Default Risk, Idiosyncratic Coskewness and Equity Returns
Charles A. Dice Center Working Paper No. 2009-18
50 Pages Posted: 18 Mar 2009 Last revised: 27 Sep 2010
Date Written: March 16, 2010
In this paper, we intend to explain an empirical finding that distressed stocks delivered anomalously low returns (Campbell et. al. 2008). We show that in a model where investors have heterogeneous preferences, the expected return of risky assets depends on idiosyncratic coskewness betas, which measure the the co-movement of the individual stock variance and the market return. We find that there is a negative (positive) relation between idiosyncratic coskewness and equity returns when idiosyncratic coskewness betas are positive (negative). We construct two idiosyncratic coskewness factors to capture market-wide effect of idiosyncratic coskewness betas. When we control for these two idiosyncratic coskewness factors, the return difference for distress-sorted portfolios becomes insignificant. High stressed firms earn low returns because high stressed firms have high (low) idiosyncratic coskewness betas when idiosyncratic coskewness betas are positive (negative). Our idiosyncratic coskewness factors can also explain the negative and significant relation between the maximum daily return over the past one month (MAX) and expected stock returns documented in Bali et. al (2009).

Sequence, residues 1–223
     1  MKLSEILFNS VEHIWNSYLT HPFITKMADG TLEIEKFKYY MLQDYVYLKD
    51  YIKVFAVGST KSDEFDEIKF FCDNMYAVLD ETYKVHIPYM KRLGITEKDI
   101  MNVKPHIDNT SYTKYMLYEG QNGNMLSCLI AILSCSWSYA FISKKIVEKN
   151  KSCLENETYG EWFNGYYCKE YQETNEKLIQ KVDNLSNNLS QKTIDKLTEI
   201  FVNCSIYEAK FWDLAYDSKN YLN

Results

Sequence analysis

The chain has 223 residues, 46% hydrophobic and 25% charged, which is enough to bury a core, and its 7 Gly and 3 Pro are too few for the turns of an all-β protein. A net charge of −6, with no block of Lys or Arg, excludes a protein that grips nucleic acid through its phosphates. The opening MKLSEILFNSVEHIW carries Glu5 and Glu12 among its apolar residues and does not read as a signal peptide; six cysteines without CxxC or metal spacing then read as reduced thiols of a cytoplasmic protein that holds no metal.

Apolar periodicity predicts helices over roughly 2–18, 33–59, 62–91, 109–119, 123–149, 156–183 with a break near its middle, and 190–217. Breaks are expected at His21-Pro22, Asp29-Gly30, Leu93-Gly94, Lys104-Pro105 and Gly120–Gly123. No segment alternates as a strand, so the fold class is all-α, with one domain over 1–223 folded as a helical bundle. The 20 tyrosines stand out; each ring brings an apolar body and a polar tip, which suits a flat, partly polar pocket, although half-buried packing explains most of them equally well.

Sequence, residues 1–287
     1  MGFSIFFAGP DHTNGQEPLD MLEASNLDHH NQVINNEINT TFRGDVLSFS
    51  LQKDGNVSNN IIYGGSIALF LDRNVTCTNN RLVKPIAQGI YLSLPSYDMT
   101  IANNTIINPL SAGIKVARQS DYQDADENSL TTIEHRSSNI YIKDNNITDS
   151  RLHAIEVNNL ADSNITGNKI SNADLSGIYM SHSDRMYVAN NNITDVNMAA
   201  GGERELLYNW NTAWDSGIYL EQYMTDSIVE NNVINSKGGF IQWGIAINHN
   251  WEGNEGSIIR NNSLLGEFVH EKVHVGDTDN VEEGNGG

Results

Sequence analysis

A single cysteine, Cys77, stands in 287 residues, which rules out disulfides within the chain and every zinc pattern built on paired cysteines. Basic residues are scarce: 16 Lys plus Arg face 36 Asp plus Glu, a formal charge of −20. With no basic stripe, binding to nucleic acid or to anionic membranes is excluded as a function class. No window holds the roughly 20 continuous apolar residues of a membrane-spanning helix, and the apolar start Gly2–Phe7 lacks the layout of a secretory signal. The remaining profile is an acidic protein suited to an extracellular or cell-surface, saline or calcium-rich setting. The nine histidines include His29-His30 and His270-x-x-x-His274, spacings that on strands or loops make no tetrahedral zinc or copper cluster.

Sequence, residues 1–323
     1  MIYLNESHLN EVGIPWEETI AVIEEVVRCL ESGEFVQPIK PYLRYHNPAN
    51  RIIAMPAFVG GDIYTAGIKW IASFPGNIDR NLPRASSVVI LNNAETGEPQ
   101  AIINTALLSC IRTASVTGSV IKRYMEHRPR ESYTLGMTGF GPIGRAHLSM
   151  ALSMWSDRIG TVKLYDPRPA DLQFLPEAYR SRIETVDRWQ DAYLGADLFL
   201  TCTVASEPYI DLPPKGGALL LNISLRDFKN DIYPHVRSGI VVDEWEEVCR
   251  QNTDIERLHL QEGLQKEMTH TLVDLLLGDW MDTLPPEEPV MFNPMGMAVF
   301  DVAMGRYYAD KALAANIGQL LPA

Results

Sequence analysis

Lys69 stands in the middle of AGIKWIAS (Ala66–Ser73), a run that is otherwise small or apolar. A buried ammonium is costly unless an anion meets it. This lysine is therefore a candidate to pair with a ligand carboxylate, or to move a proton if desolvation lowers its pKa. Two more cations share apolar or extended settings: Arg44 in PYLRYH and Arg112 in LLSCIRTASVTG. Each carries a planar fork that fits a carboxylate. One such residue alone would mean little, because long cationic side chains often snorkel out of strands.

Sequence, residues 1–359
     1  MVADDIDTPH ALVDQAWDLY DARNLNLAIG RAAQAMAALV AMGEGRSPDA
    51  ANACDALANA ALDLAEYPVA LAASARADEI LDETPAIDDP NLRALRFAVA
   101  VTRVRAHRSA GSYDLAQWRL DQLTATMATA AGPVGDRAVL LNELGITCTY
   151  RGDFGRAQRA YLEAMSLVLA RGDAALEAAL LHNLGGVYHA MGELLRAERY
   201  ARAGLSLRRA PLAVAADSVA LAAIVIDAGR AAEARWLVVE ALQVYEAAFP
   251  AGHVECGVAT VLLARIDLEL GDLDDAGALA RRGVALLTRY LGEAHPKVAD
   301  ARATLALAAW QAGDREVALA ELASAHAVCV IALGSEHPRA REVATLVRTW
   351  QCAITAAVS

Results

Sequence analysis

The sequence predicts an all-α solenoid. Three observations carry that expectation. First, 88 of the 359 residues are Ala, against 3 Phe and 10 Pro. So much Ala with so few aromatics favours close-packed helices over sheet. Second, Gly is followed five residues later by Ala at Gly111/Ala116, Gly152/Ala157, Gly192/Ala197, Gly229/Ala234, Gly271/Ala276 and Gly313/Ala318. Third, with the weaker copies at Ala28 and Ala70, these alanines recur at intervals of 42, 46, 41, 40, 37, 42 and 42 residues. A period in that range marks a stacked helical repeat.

Keywords: Financial Distress, Higher Moment Returns, Default Risk, Idiosyncratic Coskewness Beta, Cross-Sectional Equity Returns
JEL Classification: G11, G12, G13, G14, G33
Suggested Citation: Suggested Citation